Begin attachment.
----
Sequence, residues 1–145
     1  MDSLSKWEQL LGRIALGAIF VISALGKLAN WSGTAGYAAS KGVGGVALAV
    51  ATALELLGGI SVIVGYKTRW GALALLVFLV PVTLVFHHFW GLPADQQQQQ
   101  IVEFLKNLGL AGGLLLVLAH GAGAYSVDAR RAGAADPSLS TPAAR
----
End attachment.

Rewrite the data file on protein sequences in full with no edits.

Sequence, residues 1–145
     1  MDSLSKWEQL LGRIALGAIF VISALGKLAN WSGTAGYAAS KGVGGVALAV
    51  ATALELLGGI SVIVGYKTRW GALALLVFLV PVTLVFHHFW GLPADQQQQQ
   101  IVEFLKNLGL AGGLLLVLAH GAGAYSVDAR RAGAADPSLS TPAAR